Then look at Global Struggle Against Violent Extremism. Its acronym is GSAVE—i.e., gee-save. We're out to save the world, see, not wage war on it. Or, as national security adviser Stephen Hadley puts it in the Times piece, "We need to dispute both the gloomy vision and offer a positive alternative."
Does Hadley, and do all our other top officials, really believe this nonsense? Are they so enraptured with PR that they think a slogan and a strategy are the same thing and that retooling the one will transform the other? Have we lapsed into the banality of the mid-'70s, when President Gerald Ford tried to beat back 20-percent price hikes by urging Americans to wear gigantic lapel pins that read "WIN"—for Whip Inflation Now?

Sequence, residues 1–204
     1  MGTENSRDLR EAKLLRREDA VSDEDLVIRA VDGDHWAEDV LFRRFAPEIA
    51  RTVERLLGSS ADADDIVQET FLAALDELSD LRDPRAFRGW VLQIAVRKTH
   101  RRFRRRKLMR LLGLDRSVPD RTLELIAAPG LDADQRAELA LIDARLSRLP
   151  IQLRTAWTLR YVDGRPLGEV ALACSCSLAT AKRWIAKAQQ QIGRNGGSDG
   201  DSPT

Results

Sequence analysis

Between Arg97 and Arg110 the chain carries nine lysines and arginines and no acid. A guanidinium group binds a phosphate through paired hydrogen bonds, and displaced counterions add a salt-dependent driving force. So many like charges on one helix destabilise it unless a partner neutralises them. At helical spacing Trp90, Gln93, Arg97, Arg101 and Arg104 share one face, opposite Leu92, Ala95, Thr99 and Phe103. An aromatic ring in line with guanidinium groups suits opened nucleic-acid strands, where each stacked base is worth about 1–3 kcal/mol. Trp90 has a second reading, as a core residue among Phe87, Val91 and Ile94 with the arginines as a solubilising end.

The Times notes, midway into the story, that the "language shifts" come at a time when Karen Hughes, one of President Bush's most trusted advisers, is about to take over the State Department's office of "public diplomacy." If changing GWOT to GSAVE is a sign of campaigns to come, we are in sorrier shape than anyone might previously have imagined.